Because health & life science professionals need to consume and create content and collaborate with team members on the move and under a multitude of environments, our customers tell us they plan to take advantage of every data input option that Windows 8 offers: touch, keyboard, mouse, voice, and pen, a must where clinician and patient signatures are required by law. Additionally, Windows 8 device USB support enables professionals to not only talk to their device but also talk through their device with a Bluetooth ear piece through unified communications (Lync) which means that mutli-disciplinary teams can continuously communicate with each other and coordinate care in new ways to improve the quality, safety, speed, and outcomes of care.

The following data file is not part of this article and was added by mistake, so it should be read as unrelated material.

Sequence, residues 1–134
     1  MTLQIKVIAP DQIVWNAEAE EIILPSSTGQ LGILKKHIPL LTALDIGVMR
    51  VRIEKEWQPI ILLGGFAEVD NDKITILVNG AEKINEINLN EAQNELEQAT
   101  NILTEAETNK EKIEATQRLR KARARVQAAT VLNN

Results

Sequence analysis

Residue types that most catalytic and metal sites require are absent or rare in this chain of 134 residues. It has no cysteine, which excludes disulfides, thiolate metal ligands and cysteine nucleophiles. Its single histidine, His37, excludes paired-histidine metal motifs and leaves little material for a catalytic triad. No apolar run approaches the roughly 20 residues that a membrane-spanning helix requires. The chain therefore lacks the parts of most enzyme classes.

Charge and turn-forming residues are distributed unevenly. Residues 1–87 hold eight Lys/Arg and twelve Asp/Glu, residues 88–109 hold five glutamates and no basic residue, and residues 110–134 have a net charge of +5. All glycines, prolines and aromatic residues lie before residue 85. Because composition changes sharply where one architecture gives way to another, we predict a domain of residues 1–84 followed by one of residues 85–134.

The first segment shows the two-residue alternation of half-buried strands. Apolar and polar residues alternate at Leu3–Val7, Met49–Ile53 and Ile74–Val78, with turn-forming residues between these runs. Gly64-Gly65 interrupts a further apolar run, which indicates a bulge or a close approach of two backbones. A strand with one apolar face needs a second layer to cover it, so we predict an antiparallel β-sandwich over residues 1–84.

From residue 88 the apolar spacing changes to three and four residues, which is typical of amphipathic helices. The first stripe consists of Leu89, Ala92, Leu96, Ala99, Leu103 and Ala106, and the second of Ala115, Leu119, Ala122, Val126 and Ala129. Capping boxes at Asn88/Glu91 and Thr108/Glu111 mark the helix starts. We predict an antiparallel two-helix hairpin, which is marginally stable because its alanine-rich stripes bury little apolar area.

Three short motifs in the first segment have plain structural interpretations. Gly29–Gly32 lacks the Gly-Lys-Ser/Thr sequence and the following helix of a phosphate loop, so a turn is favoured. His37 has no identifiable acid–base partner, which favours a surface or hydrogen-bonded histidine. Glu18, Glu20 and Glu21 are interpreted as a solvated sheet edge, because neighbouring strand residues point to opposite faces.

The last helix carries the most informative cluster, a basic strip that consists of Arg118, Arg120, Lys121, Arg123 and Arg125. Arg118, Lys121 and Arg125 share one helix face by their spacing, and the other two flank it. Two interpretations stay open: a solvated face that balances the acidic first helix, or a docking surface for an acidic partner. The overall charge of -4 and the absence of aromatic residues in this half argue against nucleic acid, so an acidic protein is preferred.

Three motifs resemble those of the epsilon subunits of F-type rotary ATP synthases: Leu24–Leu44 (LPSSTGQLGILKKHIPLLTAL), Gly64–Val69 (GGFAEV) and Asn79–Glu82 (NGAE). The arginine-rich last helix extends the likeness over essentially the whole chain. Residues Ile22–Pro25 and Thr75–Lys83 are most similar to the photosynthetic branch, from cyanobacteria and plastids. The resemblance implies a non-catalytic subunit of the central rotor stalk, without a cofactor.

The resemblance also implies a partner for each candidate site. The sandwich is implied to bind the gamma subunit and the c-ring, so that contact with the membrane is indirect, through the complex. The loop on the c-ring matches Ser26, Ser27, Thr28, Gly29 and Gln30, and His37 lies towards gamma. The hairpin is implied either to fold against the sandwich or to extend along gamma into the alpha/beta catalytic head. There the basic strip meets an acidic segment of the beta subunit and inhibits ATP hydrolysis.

Windows 8 recognizes that a one size device doesn't fit all. Health professionals need devices that meet and adapt to their needs, not the other way around, from sleek and stylish to rugged, sturdy, and resilient to cleansers and disinfectants. With an avalanche of more than 1,000 Windows 8 certified PCs and tablets
available as of last week, Windows 8 brings more than enough thinner and lighter than ever devices to meet the unique task or workstyle needs of every enterprise and individual.
Because of all these new possibilities for productivity and team performance gains that Windows 8 offers health professionals, Windows 8 appears to have all the makings to break through the HIT productivity paradox and transform the practice of medicine into a patient-centered team sport. For the first time, Windows 8 now makes it possible for virtual, highly mobile teams of nurses, pharmacists, primary care physicians, specialists and insurers to work together in new ways across locations and devices like they’ve never worked before to improve quality, speed, and outcomes of care at a lower cost.